by Doreen Smith
Marin Navarretia species
Navarretia is a genus in the Gilia family (Polemoniaceae) that usually flowers late in spring here in Marin.
The species most familiar to us native plant folks is the common skunkweed, Navarretia squarrosa.
It needs no further introduction after we have made a first acquaintance of the significant downside of that pretty little blue wildflower.
The rare white-flowered vernal pool species, Navarretia leucocephala ssp. bakeri, Milo Baker’s navarretia, is the featured species this month. Found at only one site in the county, it can be abundant most years growing along the edges of Hidden Lake on Mt. Burdell.
The flowering season begins in May and lasts as long as the habitat doesn’t dry up completely.
Marin is not known for being prime vernal pool country, so this site is about as good as we get.
With the Navarretia are other locally unusual plants: the fern ally Howell’s quillwort (Isoetes howellii),
button-root celery (Eryngium aristulatum var. aristulatum), vernal-pool boisduvalia (Epilobium pygmaeum),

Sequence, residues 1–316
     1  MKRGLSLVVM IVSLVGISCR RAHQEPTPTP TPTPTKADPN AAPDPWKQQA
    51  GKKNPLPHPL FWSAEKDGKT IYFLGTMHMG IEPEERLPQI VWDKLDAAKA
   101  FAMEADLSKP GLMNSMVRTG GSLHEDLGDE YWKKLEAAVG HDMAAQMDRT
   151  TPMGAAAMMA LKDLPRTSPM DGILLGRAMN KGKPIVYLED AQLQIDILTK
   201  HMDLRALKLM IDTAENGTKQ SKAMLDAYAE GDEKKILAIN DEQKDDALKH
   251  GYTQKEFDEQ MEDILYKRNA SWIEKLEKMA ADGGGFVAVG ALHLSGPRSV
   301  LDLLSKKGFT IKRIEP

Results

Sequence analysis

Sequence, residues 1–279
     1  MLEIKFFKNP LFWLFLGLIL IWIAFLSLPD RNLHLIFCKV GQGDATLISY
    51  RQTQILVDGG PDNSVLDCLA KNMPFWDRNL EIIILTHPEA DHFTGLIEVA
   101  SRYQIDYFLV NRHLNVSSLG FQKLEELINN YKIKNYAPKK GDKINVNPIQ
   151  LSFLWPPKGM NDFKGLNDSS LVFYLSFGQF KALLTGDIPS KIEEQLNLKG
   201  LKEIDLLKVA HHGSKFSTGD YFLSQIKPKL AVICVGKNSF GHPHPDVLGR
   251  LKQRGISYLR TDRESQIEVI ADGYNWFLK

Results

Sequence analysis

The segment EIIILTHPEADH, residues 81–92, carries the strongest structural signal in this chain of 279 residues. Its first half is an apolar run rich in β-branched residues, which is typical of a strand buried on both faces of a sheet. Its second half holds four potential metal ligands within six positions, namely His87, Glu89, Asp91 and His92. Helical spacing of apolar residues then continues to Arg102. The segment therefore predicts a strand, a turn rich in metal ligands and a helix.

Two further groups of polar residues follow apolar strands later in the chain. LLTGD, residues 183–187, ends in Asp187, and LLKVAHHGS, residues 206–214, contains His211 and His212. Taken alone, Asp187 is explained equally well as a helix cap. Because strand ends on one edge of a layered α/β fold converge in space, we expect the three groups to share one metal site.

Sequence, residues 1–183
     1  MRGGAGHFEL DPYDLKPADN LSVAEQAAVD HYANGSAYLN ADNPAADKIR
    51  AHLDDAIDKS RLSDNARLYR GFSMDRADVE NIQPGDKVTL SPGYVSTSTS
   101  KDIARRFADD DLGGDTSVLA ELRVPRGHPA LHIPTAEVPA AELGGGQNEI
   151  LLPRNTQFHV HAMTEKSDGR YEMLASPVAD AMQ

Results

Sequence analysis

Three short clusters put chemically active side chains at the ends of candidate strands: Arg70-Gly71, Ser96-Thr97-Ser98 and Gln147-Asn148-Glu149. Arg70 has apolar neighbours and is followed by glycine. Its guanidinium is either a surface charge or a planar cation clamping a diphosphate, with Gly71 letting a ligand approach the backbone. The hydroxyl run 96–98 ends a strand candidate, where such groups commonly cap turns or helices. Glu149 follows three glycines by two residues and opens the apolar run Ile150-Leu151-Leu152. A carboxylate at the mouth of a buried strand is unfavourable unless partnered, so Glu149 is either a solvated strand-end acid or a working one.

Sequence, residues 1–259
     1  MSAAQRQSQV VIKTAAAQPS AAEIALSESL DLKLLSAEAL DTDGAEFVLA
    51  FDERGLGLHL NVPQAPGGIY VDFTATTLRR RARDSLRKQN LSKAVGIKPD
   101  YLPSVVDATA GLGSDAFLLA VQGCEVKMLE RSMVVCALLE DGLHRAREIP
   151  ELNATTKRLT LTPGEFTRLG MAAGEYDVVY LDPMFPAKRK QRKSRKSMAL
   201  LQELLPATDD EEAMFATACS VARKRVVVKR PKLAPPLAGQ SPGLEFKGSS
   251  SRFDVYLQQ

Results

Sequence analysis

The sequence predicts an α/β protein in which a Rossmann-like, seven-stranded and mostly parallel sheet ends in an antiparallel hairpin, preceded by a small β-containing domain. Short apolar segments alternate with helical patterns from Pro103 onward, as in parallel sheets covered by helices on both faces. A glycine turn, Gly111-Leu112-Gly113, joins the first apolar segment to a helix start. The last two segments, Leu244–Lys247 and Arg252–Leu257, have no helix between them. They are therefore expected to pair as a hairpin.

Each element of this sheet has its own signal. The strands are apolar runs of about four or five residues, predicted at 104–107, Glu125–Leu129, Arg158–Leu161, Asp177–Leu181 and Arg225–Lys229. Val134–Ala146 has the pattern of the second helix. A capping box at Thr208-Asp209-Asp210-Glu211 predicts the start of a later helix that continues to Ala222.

Howell’s foxtail grass (Alopecurus saccatus), hedge-hyssop (Gratiola ebractata),
and in early spring, floating mats of Lobb’s white water-buttercup (Ranunculus lobbii).
When Mt. Burdell became a public preserve, three new-to-Marin species of Navarretia were found to add to the six species
mentioned in Howell’s Marin Flora of 1970. Two are CNPS-listed rare species: the featured Navarretia leucocephala ssp. bakeri and
Navarretia cotulifolia, of which only 42 plants were counted this year.
The last of the three is the locally-common species Navarretia pubescens.
Text by Doreen Smith – Photos by Vernon Smith. Click on the small images to see a larger versions.